In our both 200hr Ihana Yoga Teacher Training and Post Graduate Yoga Teacher Training it becomes obvious very soon that we as yoga students, yoga teachers, and lecturers question everything. This includes questioning the common consensus of contemporary yoga teaching, common alignment cues and all the lecture material we have ever been given in our dozens of combined yoga teacher trainings. Often in lectures, our trainees mention something like “but we’ve always been taught…”. This is a great start to a fruitful discussion. Very soon it becomes clear that if you question that which has been taught by asking WHY the answer most often is “because that’s what I’ve learned from my teacher”. We then encourage to ask further questions. Can the information be trusted? Does is come from a reliable source? If yes, has the message stayed unchanged or gone through Chinese Whispers? Does the instruction apply to all or to an individual case only?
Let’s take two examples; an alignment cue and a health claim you might have heard in yoga class. In Utkatasana, Chair Pose, you might have been instructed to “glance down for a moment and make sure that you can see your toes (meaning your knees aren’t going past them); if not, shift a little more weight into your heels.” The sentence is in quotation marks, as I have copied it from Yoga International, a well-respected yoga institution. There was no reference to support this instruction on their website and had there been, the research would have shown this to be an anatomically incorrect position. In fact, had the instructions been evidence based, the research would have shown that in Chair Pose the knees need to be taken past the toes to increase the torso angle, which will minimize the shearing force and loading in the lumbar spine.* Have I been taught this cue in yoga teacher trainings? Yes. Have I taught this cue to my students? Yes, until I questioned it years ago, did extensive research on anatomical papers, books, and scholarly articles and in the light of this new (to me) evidence, had to change and stop using the cue in class. Did it make me feel “less” as a yoga teacher to go back to the same group of students and say they need to forget what I’ve previously instructed? Of course not. In fact, the students couldn’t have been more excited to learn something new and to get the most up-to-date information.
Another common example is during a shoulder stand sequence you might hear the teacher saying something like “shoulder stand is excellent for those suffering from thyroid disorders. Shoulder stand brings balance and regulates the hormone secretion of both the thyroid and parathyroid glands in the neck.” I’ve put the previous sentence in quotation marks again, as I copy-pasted it from a yoga article I found after * second of Google search for shoulder stand. This health claim is also something I have learned in most of the four yoga teacher trainings I’ve attended myself as a student. Have I ever been given reference to this statement? Never. Does that bother me? A lot.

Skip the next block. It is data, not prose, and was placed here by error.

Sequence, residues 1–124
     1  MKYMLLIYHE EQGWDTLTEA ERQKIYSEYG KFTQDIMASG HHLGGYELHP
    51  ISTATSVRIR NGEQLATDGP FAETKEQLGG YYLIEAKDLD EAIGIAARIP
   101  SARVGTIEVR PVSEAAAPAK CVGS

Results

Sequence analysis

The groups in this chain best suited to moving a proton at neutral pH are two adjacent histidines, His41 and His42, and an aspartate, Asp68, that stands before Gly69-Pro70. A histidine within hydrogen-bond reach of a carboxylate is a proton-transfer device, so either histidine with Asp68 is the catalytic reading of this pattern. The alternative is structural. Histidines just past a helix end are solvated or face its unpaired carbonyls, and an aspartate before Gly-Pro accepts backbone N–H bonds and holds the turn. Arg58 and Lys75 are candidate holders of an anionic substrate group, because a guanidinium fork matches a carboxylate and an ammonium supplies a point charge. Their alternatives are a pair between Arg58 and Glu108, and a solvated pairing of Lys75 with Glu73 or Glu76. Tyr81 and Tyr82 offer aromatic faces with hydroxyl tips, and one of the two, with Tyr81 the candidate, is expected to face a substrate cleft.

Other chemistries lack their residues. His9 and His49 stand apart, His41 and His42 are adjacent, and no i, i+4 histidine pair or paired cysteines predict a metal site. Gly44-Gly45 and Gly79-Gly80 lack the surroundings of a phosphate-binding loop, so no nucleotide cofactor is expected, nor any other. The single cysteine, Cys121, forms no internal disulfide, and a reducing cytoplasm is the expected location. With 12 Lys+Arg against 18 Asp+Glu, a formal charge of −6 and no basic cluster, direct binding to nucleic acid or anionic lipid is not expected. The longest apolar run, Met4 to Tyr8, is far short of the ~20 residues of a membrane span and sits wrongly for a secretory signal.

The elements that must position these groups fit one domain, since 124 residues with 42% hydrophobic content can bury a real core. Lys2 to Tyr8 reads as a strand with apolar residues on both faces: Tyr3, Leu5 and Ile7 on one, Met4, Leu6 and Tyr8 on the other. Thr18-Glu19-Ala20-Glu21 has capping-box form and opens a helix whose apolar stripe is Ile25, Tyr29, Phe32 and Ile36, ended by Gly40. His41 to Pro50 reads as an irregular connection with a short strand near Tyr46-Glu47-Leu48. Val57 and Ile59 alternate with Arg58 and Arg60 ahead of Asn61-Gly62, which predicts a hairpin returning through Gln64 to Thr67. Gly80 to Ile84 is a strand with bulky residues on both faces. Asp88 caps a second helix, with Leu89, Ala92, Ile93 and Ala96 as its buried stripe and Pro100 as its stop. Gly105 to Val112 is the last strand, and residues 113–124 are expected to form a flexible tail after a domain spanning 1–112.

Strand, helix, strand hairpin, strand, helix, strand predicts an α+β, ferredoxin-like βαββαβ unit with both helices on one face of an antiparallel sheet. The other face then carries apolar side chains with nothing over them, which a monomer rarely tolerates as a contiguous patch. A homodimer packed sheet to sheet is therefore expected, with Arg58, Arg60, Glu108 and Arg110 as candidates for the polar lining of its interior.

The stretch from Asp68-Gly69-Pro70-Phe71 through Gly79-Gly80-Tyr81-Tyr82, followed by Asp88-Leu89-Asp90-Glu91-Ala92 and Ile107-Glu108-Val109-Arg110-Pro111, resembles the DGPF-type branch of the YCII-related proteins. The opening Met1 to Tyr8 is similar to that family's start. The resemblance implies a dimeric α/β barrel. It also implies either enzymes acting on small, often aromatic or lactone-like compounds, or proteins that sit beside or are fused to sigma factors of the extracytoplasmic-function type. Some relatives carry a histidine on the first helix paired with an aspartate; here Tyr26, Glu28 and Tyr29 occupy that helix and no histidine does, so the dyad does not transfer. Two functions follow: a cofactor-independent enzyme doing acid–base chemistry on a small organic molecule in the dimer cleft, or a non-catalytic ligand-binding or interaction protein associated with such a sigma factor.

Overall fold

As a yoga teacher, it’s more than fine to mention the many benefits of the practice in yoga class. It sets a positive mood and motivates the student to continue the technique/practice. However, if you mention benefits in your classes, the key is to question what you have learned and discern facts from wishful thinking and fiction. As Ihana Yoga teacher trainees hear in lectures, a lot of the common cueing is passed on as alignment rules because that’s what has always been done. But someone might have misunderstood something or it might have changed like often happens in Chinese Whispers. So similarly if cueing often needs to be changed from what we’ve learned in yoga teacher trainings, also the health claims might need to be changed too. Did the teacher trainer give any references to where they had learned it? Was there any evidence to support the claim? If so is it a reliable source? If not, would you be willing to use it as information that is just passed on because everyone’s doing it?
These are very fundamental questions, and at first can be overwhelming. Human mind naturally seeks information that supports the existing understanding, so by doing further research we naturally look for proof that would support our current understanding. Finding nothing or something else instead might feel a bit daunting, but very soon it just feels exciting to realise that by questioning everything you are exploring something new; questioning everything shows great progress and openness to investigate beyond the old, and therefore opens doors to welcome in new ideas and therefore an opportunity for change and growth.
If you like this approach, it is exactly what you will find in our teacher trainings. The hundreds of lecture slides you will receive are backed up by dozens of pages of bibliography; references and further reading.